Do you need capital for your next investment deal? Maybe you're just starting out in real estate or you've been investing for a while, but your portfolio is at a standstill. Either way, there are many creative real estate financing techniques that can jump-start your real estate career here in Alaska—if you know where to look.
A typical real estate transaction looks like this: a potential homebuyer finds a property they love, applies for a mortgage and, once approved, they close on the house. While common, this process isn't a one-size-fits-all model. Investors will need to get creative to find the best way to fund a real estate deal.
This can open a lot of questions, such as "What real estate financing options are out there for newbies?" "Which financing methods are the best fit for which exit strategies?" and "How do you avoid all of the common creative financing real estate mistakes that plague investors?"
6 creative financing techniques for savvy real estate investors
Today’s investors should be equipped with not one, but several financing options before approaching a deal. It may seem simple to go straight to a traditional lender for a mortgage, but this approach won't always guarantee the best loan terms. In many cases, finding the best financing will require investors to get a little creative. With that being said, there are various unique ways to finance real estate that it can be hard to fully understand what’s out there. The following creative financing options are a great place to start:
Home equity line of credit
A cash-out refinance for real estate is a transaction in which you tap into the equity of your home. You borrow enough to pay off the mortgage of your home and then pocket the difference, which can free up funds to invest elsewhere. A cash-out refinance happens to be one of the best real estate financing options out there—if you know what you are getting into.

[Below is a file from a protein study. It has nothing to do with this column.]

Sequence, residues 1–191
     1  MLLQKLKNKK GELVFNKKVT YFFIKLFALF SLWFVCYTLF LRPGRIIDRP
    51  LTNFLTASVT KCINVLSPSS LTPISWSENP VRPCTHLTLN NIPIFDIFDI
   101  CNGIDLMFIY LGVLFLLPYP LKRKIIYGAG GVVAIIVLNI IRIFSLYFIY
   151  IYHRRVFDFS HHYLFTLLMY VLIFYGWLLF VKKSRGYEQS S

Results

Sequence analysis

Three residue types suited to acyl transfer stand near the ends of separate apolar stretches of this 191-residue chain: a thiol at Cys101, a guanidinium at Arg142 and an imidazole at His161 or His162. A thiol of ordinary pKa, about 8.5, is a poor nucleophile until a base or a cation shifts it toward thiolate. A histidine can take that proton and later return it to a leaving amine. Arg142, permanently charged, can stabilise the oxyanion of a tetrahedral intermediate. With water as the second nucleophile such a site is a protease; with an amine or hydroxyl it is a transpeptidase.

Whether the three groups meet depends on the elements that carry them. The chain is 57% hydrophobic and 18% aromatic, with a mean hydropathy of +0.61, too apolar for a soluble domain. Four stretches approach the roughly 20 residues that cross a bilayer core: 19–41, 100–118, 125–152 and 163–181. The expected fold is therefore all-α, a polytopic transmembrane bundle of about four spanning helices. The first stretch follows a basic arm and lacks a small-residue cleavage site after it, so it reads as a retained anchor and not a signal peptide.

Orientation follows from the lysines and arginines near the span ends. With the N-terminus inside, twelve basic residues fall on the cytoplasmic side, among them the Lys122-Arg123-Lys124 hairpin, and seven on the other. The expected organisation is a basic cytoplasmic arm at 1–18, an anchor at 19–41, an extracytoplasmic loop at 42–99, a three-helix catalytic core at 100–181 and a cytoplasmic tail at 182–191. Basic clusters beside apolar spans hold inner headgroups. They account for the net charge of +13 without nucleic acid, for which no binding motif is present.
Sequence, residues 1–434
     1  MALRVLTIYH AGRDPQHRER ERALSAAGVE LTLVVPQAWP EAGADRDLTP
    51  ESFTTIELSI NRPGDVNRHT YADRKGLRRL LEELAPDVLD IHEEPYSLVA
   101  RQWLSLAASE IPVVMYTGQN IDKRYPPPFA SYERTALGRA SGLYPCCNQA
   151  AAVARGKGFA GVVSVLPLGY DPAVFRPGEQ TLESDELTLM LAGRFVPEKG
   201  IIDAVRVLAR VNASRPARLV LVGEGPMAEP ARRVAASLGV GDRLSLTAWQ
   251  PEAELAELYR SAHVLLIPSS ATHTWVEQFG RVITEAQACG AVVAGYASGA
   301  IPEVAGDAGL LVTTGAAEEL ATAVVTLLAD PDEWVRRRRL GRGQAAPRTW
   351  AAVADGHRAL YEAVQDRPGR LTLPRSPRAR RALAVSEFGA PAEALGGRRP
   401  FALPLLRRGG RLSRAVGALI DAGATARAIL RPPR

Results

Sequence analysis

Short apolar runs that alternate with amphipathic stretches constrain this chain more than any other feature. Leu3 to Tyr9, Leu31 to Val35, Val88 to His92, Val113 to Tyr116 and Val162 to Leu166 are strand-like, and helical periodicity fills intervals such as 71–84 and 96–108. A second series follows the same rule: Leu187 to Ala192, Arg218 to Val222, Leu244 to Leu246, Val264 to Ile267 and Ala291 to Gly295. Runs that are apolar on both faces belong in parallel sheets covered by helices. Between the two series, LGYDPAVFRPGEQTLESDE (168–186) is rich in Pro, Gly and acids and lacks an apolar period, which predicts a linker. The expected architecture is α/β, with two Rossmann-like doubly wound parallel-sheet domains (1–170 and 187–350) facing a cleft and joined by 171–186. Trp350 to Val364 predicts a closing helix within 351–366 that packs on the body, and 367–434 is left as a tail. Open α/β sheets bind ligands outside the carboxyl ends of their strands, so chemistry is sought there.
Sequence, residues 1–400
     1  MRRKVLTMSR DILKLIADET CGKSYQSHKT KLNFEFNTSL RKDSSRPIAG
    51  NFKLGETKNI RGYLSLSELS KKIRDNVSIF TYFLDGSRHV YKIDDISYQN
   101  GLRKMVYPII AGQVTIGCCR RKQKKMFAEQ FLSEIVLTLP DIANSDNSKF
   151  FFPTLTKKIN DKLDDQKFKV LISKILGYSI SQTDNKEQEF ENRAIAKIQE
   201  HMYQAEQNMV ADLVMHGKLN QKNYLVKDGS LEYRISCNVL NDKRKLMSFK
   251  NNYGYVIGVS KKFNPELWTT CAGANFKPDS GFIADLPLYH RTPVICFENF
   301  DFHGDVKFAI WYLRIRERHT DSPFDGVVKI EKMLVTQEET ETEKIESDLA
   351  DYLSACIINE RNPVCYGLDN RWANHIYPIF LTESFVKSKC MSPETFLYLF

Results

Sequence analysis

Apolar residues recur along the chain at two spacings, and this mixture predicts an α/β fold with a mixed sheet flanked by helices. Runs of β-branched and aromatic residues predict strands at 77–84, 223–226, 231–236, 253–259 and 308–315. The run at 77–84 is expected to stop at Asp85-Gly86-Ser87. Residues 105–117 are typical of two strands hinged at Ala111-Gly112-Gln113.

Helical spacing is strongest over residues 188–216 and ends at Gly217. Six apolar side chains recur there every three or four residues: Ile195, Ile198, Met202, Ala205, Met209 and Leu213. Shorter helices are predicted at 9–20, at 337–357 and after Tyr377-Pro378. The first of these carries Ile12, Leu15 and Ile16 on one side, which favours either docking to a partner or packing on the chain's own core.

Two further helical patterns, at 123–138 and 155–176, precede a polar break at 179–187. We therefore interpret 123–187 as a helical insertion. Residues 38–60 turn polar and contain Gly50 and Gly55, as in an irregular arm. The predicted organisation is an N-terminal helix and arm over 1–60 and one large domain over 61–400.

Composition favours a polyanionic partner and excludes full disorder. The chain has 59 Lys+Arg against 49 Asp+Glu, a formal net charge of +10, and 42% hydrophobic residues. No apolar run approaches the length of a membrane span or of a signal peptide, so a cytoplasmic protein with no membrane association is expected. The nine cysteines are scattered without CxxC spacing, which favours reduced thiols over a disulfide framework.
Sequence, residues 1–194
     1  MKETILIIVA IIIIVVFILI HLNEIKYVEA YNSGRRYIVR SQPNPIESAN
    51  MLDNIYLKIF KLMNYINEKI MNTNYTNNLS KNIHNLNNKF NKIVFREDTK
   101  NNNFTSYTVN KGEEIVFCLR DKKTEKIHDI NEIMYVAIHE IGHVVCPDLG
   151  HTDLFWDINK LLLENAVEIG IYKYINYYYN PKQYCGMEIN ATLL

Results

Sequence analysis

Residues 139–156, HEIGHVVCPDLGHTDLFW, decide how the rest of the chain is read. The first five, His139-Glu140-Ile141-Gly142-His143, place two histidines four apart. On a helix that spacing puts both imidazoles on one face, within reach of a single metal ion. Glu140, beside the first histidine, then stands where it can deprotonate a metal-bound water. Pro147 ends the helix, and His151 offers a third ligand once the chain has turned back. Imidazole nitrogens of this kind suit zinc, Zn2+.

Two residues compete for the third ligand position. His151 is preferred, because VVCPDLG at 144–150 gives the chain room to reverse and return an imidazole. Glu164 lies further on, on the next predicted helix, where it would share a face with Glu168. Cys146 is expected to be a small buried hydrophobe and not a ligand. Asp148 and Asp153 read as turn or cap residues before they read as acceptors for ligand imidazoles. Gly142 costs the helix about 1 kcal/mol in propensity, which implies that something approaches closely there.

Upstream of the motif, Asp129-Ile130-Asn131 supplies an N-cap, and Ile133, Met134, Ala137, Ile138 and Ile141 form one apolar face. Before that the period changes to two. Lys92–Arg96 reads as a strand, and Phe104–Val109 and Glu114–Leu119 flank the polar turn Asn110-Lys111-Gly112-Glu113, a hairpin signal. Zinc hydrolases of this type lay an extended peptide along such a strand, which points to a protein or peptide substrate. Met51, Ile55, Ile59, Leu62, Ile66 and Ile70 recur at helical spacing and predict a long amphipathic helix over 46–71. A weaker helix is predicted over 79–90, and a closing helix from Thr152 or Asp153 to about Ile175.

A real estate cash-out refinance is different from a simple line of credit, in which you add a second mortgage to your home to take out cash. The interest terms on a cash-out refinance are much more favorable than a traditional home equity loan. And, unlike borrowing money from a hard money lender or traditional financial institution, the interest on a cash-out refinance is tax-deductible.
The risks with a cash-out refinance are that your mortgage term gets reset (the 30-year clock starts over again) and if something unforeseen happens, such as an illness or job loss, the new monthly payments can be difficult to contend with.
But if you have a great opportunity, and need some ready capital to make that opportunity happen, it can be a good source of investment dollars.
Home equity line of credit
Unlike a cash-out refinance, with a home equity line of credit, you don’t pay off the original mortgage. Instead, you borrow against the value of your home—up to 80% of the home value, minus the amount of the mortgage.
HELOCs generally have a draw period, typically lasting 10 years, and a repayment period, often lasting no more than 15 years. Similar to a cash-out refinance, a HELOC’s interest is tax-deductible, but only up to $100,000.
So, when would you use a HELOC and not use a cash-out refinance? A HELOC is perfect for doing repairs to your primary home or a rental property, such as situations where you don’t need huge sums of cash for an entire property purchase. An example would be $10,000 to improve a bathroom in your rental property.
Though a personal loan doesn’t offer the same great tax benefits of a refinance or HELOC, there are some compelling reasons to consider it, among other creative real estate financing techniques.
For one, you aren’t required to put up your house as collateral. In some cases, you aren’t even required to put up any collateral at all. With a repayment term much shorter than a mortgage loan—five to seven years is a good benchmark—you’ll end up paying a lot less interest over the long term.